The next big day of action is a march on the Capitol March 28, alongside the Arizona Parent Teacher Association and the grassroots group Save Our Schools Arizona.

“Teachers are fired up here because we actually have momentum,” said Rebecca Garelli, a math and science teacher in Phoenix. “I heard a lot of comments: ‘I think it’s going to stick this time. I think this time it’s for real.’


The latest state to join the strike talk is Kentucky, where the fight is about pensions and funding cuts to schools. Having systematically underfunded pensions for over a decade, the legislature is now pushing to cut cost-of-living adjustments for teachers and other employees. Like teachers in 14 other states, Kentucky teachers do not collect Social Security, so they rely entirely on the state pension system.

The Kentucky Senate has introduced a budget that would cut funding for family resource centers in schools and for pre-K while increasing money for charter schools. Teachers who retire before 65 would pay more for health insurance.

Thousands of active employees and retirees have been rallying at the Capitol. Teachers are organizing walk-ins at schools to educate parents and build community support.



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On March 21, teachers coordinated with their superintendents in seven districts in eastern Kentucky to close schools so they could mobilize to the state capital.

The state’s Republican Governor, Matt Bevin, has said protesting teachers have a “thug mentality,” a comment that only fired teachers up, said Nema Brewer, a founder of the Facebook group KY120 United, which has 32,000 members.

To date, the union has yet to call for a statewide walkout, which Brewer thinks is a mistake.

“The teachers at the grassroots are fired up and serious about striking, but the union is being overly cautious,” she said.

So KY120 United has organized a statewide structure to facilitate walkouts in all 120 of the state's counties.

"We have zone leaders, broken down by congressional district," explained Brewer. "Each zone leader then identifies county leaders in each county in their zone. Then the county leaders identify school site leaders.

“We think we have every county covered now. We don’t have every school covered, but we are close.
As in West Virginia, teachers are thinking about their students who receive free lunches. "We have asked people to collect food in case we have a work stoppage,” Brewer said. “We want to make sure that our children are taken care of."

Kentucky’s legislative session ends April 13.

Picketing Country Roads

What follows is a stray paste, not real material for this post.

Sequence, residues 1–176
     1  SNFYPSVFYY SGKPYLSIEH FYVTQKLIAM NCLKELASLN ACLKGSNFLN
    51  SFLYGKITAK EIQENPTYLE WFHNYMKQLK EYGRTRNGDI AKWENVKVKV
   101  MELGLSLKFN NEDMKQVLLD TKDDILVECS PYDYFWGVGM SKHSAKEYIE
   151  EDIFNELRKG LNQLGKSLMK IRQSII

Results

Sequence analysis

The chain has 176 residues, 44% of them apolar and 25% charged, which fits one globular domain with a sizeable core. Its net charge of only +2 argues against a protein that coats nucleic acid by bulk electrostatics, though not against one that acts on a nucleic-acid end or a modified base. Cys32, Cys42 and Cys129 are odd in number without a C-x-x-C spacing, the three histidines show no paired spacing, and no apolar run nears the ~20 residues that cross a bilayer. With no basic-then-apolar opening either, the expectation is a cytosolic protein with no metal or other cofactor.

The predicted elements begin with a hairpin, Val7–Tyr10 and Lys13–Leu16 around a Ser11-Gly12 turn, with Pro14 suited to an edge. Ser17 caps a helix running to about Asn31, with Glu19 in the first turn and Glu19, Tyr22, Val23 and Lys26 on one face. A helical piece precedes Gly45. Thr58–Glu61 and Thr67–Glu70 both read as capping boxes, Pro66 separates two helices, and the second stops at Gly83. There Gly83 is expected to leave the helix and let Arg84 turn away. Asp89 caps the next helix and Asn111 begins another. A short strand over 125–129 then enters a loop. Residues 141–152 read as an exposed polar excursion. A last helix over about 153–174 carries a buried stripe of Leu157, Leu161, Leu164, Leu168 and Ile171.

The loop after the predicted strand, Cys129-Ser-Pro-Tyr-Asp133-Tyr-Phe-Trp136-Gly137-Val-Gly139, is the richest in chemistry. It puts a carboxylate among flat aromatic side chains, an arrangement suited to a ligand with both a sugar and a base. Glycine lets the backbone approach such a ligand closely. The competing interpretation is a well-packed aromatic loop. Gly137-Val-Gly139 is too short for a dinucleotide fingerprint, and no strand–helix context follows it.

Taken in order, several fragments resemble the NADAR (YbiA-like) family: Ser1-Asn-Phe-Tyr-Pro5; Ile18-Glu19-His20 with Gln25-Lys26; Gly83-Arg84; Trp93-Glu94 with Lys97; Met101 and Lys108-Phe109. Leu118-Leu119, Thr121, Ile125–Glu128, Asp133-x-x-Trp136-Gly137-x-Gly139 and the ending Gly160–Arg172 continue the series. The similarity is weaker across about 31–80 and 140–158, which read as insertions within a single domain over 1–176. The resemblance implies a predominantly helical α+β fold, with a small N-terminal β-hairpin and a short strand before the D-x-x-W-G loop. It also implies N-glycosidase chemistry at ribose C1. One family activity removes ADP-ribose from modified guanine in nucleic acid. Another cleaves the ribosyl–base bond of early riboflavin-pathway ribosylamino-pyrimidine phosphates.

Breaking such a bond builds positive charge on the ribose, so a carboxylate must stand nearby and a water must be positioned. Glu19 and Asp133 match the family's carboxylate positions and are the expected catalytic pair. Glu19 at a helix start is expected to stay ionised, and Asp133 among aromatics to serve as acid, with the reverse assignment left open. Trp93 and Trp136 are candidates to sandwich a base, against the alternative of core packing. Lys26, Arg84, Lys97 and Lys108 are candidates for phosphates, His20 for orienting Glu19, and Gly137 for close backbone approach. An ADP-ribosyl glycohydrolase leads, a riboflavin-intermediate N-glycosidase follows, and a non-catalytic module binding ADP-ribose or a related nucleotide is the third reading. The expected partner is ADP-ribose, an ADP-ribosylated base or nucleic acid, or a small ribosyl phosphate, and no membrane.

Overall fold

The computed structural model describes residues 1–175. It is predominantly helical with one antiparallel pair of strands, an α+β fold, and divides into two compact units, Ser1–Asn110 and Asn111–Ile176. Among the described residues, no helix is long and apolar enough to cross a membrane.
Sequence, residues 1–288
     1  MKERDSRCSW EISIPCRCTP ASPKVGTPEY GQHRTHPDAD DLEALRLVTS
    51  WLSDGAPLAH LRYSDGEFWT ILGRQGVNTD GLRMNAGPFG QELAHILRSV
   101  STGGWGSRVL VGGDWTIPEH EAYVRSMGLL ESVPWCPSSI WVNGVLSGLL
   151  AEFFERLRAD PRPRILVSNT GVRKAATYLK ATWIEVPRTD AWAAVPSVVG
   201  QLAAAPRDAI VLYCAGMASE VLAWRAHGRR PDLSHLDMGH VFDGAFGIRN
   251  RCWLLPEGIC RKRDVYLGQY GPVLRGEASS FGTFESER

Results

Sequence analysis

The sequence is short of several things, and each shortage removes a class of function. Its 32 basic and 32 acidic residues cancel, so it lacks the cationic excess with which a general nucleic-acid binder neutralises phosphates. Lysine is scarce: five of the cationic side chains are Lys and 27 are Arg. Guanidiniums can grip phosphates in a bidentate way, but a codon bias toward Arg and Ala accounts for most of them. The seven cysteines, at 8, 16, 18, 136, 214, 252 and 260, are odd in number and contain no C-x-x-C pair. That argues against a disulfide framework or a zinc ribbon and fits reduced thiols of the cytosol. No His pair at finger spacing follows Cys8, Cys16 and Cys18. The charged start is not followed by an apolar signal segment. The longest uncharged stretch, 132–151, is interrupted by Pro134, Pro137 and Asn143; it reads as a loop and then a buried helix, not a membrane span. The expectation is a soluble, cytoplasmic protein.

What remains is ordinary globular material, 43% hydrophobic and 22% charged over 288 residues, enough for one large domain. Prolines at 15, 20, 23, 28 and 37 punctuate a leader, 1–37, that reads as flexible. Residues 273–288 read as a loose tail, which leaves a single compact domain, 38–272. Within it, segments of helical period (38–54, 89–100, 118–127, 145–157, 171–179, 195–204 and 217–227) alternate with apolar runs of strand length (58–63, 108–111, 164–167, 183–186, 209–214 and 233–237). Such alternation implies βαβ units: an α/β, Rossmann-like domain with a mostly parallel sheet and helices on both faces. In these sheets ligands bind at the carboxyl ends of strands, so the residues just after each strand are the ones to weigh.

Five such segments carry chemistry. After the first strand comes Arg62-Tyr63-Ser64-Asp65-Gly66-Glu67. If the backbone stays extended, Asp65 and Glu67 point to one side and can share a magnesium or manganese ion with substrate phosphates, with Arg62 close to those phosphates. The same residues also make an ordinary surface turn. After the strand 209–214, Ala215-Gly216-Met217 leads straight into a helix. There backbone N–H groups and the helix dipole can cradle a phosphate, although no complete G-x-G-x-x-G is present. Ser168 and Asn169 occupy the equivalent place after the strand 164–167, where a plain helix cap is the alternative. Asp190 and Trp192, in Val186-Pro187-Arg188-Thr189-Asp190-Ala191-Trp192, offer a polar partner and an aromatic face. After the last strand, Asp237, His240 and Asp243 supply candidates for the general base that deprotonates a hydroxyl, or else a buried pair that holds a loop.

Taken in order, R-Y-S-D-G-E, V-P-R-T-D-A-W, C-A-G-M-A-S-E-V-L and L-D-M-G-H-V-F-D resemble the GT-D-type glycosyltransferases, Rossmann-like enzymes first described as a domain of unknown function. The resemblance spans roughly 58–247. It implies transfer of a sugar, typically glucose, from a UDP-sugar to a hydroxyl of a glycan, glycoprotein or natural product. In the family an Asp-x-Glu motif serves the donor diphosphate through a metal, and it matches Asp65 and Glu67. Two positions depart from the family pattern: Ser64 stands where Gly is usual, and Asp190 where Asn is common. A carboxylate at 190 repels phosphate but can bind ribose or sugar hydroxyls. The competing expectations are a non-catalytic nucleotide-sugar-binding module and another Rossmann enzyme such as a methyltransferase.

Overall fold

The West Virginia strike started with a walkout and caravan to the capital by teachers and school employees in three counties in the south of the state. Mingo County was among them.

“Somebody said, ‘Are you really going to the Capitol with just three counties?” said Katie Endicott, who’s taught there for 11 years. “I said, ‘Yeah, we are—and we’re not leaving.’”

Prophetic words, as teachers in another seven counties followed their lead the next week. Soon, sensing the pulse, the three school-employee unions—West Virginia Education Association, American Federation of Teachers-West Virginia, and West Virginia School Service Personnel Association—called a two-day statewide walkout, February 22-23.

When the legislature didn’t respond, the two-day walkout spilled into a five-day walkout. Then, on the evening of February 28, the governor announced a settlement: teachers would get 5 percent, other public employees would get 3 percent, a task force would deal with PEIA, the public employee health insurance system, and everyone would go back to work.

WVEA President Dale Lee told the crowd gathered on the Capitol steps, “We reserve the right to call you back out as we need to.”

But teachers and school employees had other ideas. They erupted with chants of “55 united!” (for the 55 counties), “Fix it now!” and “Back to the table!”

“After the unions announced the deal with the governor, we were kind of upset,” said Ashlea Bassham, an English teacher in Logan County. “This was for not just teachers—the fact that this was 5 percent for some and 3 percent for others, we didn’t like that idea.”

Others didn’t trust a verbal commitment from the governor, and wanted the deal passed by the legislature.

So the strike was not over. For another four working days, teachers and public employees gathered at the Capitol and on picket lines, chanting, singing, and urging the legislature to do the right thing.

It paid off. The headline in the Charleston Gazette read simply, “Teachers Win.”

“A battle has been won in a long war,” said Leah Clay Stone of Logan High. That war soon spread from the mountains to the deserts.

Meet West Virginia, Arizona, and Kentucky teachers at the 2018 Labor Notes Conference, April 6-8 in Chicago. We hope Oklahoma teachers, set to strike starting April 2, will join us too! Chris Brooks contributed to reporting on this story.

A version of this article appeared in Labor Notes #469. Don't miss an issue, subscribe today.